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My daughter is looking at renting a house off of campus next year in Philly. The guy bought it for a bit over $100K in 1999. He is charging nearly $4K per semester per room or close to $80K per year. It makes me want to puke
We have that guy beat - have two buildings with nine total college units we paid $50k for - last year they had rents received of $57,105.47. Expenses were $18,169.13. Not trying to make you puke - all we had to do was buy them 4/1/1987 and do just a wee bit of fix up and cleaning now and then... They long ago were all paid for. Rentals are nothing but gravy.
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Old 02-24-2017, 07:26 PM   #55
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It should make you want to buy a property in Philly
It has crossed my mind, but it violates a few of my rules:
1) Don't buy property that are far from home, which increases the PIA quotient.
2) Don't buy properties that I wouldn't be willing to move my family into.
3) Don't buy rentals where you aren't comfortable dealing with the tenants.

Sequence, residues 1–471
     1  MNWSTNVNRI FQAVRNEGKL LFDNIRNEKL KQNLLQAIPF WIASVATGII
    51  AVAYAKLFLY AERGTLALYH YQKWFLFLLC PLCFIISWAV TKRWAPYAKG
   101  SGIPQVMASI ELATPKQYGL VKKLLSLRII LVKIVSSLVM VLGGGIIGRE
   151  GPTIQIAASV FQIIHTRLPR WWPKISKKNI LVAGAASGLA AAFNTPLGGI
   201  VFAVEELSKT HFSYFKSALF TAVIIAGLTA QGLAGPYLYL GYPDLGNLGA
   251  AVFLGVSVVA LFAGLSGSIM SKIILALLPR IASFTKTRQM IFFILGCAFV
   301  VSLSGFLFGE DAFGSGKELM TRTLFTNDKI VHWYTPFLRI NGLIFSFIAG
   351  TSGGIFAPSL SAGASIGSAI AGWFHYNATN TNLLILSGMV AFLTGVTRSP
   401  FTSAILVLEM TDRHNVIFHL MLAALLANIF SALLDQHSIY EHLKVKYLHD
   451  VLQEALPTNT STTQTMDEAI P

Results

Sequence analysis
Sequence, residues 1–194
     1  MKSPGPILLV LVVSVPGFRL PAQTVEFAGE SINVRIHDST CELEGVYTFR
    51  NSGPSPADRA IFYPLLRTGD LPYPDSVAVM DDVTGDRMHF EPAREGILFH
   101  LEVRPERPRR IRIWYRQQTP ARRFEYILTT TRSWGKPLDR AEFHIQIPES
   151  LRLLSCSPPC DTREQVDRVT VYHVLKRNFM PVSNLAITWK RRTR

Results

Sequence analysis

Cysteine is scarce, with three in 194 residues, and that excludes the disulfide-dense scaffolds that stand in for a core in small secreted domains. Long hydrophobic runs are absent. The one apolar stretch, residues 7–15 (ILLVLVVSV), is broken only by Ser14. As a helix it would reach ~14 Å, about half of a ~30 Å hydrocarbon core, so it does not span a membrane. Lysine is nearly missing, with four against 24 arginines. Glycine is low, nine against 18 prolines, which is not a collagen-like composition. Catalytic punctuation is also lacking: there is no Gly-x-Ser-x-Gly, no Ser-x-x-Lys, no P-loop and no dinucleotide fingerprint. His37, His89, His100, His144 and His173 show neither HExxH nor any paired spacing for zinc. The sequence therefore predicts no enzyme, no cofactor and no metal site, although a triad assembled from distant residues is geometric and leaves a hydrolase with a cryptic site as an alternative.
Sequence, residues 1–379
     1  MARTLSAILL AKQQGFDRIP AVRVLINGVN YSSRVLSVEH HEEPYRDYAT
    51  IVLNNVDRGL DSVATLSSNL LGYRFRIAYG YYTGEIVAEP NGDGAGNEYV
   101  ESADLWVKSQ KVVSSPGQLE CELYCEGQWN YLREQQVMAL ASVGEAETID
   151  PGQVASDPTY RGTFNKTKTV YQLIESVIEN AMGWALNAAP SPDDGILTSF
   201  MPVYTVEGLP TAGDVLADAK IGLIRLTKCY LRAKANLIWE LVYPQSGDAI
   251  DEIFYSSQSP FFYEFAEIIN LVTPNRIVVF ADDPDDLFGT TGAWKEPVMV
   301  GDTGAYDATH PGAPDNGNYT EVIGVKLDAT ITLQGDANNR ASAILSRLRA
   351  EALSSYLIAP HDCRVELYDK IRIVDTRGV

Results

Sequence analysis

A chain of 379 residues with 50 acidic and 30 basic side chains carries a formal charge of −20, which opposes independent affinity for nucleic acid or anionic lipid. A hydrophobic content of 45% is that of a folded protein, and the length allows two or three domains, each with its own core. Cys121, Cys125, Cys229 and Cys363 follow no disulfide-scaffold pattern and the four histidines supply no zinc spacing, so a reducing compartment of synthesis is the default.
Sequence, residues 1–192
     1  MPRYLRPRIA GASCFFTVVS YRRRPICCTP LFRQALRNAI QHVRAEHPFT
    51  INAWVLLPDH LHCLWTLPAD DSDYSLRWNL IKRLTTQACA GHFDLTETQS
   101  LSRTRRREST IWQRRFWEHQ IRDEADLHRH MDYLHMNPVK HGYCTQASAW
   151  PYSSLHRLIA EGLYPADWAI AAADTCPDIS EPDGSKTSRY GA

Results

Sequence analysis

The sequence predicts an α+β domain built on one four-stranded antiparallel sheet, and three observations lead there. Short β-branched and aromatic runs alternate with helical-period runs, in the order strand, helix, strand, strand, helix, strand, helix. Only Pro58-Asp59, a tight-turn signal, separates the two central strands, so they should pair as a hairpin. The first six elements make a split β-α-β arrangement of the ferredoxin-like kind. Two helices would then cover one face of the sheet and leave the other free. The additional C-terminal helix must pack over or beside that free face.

I had rented to college kids 1 time. The group talker was a slick kid. he sublet the property unbeknownst to me. I found out through a waiter down the street he had people living in the closets.

I said never again to "college kids", though I legally can't deny them the unit if they meet my requirements.

The beauty of this rental guy in Philly. I have to sign as being responsible for the rent.
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Old 02-25-2017, 08:53 AM   #56
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What do you folks think about college town rentals? I've considered buying a rental in a town where my son attends school, about 2 hours from me. Son could take care of minor management issues. Seems that student rentals would have problems with less-responsible renters and yearly turnover. But, I suppose someone is making money at it?